26. Tim

    I am not sure Arsene was blaming himself for the games when his team played with the handbrake on. I am 100% that the handbrake was not in the game plan and not what the team practiced on the training pitch. I am also 100% sure that Arsene talked and drilled the team endlessly on how to avoid those sort of games. When he saw it happening in the games he would have done everything he could to fix it and yet it happened over and over again and I am sure it was frustrating to him. The only logical explanation is there were games where the players did not properly execute the things Arsene wanted them to do and I assume he tried to fix the issue

    With regard to Ozil. Perhaps everything that was happened off the field is at least part of the explanation for him playing with a handbrake for Germany but that same explanation does not apply to the arsenal team as a whole.

    With regard to Arteta. I know we have differing opinions and there is no way to prove it either was but I am not sure I believe that the handbrake type of attack is really part of Arteta’s tactical plan for the vast majority of games any more then it was for Arsene. Just like with Arsene’s teams If the players do not execute the way you want then it will look like the handbrake is on

  27. I still think we can finish 5th. I’ve thought that since the start of the season. Two tough results prior to this game (Soton) but Arsenal will continue to get wins from most of our fixtures because we have enough talent and enough structure to beat the teams we are supposed to beat. That’s good enough for this season.

  28. bill, i think i can help you understand. when wenger talked about “playing with the handbrake on”, he was saying that the players weren’t playing their natural game but rather with a non-deliberate, self-imposed restriction to their play. it is not a strategy or a tactic. it’s a non-specific reaction to pressure. this pressure can be imposed by the opponent, the moment, an individual’s mood, an argument the night before, some bad chinese food, a change in team dynamic, the crowd noise, an early yellow card, a misplaced pass, a missed assignment, a bad training session, a strong challenge, fatigue, media pressure, hasn’t scored in a long time, etc. sometimes it can simply be how you’re feeling in your gut. bottom line, there are plethora of reasons (human factors) that can affect how freely you play the game. if you’re not playing freely, wenger referred to that as playing with the hand brake on.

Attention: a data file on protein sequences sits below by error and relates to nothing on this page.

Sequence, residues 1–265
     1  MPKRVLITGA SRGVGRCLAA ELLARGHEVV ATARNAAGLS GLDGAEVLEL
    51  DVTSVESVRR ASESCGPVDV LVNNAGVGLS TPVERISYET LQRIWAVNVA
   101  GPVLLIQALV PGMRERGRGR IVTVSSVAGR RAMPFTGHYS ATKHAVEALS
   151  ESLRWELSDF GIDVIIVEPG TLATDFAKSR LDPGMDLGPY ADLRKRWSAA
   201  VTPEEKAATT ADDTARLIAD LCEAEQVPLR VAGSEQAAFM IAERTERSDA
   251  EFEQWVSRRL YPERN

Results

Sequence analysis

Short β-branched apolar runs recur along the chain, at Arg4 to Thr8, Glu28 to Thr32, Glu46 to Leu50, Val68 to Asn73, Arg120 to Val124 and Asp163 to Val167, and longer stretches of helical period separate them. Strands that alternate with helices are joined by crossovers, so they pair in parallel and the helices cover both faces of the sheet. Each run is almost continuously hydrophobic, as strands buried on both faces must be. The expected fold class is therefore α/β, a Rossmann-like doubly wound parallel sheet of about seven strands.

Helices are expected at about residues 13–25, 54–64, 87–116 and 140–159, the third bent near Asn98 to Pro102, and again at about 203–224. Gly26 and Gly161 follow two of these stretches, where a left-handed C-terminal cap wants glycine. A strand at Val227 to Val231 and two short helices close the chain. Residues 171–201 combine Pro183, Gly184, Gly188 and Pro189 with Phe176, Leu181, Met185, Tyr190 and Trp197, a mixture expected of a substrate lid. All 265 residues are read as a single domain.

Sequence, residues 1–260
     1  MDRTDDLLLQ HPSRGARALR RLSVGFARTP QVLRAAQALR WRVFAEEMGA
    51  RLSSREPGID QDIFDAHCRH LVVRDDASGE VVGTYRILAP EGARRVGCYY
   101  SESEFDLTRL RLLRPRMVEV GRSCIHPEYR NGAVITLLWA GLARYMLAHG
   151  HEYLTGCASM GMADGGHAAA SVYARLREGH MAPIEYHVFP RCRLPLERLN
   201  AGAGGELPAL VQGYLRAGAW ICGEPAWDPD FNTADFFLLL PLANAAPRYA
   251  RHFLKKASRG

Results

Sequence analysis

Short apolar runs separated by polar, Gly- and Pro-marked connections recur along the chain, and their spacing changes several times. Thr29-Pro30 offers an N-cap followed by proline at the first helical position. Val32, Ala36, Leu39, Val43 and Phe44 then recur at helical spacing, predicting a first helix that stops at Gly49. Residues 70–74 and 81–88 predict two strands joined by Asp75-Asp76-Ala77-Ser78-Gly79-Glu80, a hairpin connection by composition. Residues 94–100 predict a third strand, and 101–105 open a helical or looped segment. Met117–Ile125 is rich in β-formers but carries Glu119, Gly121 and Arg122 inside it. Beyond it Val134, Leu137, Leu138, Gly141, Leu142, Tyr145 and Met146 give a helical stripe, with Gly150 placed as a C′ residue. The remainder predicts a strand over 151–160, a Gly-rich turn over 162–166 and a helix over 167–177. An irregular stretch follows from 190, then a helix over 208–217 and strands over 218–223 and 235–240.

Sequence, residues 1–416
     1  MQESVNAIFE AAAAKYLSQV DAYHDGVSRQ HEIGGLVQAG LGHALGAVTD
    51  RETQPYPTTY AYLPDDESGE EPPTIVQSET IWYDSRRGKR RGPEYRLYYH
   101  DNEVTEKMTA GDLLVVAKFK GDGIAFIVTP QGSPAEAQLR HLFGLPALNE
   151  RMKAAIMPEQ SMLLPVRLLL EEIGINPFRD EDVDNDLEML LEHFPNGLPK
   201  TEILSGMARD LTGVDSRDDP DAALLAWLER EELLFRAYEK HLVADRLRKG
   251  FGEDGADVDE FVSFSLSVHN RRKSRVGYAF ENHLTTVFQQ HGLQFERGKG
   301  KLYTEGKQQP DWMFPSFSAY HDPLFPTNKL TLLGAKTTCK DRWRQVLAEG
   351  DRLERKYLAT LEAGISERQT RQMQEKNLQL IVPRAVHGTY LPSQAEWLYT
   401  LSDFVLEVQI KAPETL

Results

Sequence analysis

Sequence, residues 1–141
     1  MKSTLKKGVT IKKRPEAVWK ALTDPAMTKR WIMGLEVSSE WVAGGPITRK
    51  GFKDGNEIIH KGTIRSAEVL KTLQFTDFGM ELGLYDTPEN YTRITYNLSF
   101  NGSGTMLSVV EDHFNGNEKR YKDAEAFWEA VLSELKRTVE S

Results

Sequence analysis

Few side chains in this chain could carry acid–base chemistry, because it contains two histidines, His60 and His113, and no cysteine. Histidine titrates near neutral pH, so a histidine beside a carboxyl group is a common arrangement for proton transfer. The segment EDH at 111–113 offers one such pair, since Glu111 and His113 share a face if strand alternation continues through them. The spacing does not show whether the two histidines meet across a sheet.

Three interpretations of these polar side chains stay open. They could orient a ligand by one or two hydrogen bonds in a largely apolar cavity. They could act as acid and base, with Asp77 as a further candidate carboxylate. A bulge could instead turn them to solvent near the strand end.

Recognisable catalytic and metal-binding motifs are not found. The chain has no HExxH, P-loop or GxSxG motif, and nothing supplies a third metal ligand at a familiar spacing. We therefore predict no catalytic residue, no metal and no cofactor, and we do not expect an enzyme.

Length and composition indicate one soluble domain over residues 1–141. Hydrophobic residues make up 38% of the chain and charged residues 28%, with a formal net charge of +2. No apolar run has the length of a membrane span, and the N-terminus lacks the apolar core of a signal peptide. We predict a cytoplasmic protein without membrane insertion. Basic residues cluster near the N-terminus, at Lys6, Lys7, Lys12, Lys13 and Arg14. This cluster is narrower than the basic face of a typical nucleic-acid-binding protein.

we know that a handbrake is not designed to efficiently stop a car. however, if you drive with one on, the car’s driving characteristics are not the same as if the hand brake was released. this is what wenger means. a team who’s playing with the handbrake on is not playing their natural game. like i said, it’s not a strategy and it’s not deliberate. it’s a non-specific reaction to stress or more simply put, a reaction to pressure. there are countless reasons why. all players have stress and different players respond to different stressors in different ways. it’s called being human. the main idea to take away is playing with the hand brake on is not deliberate.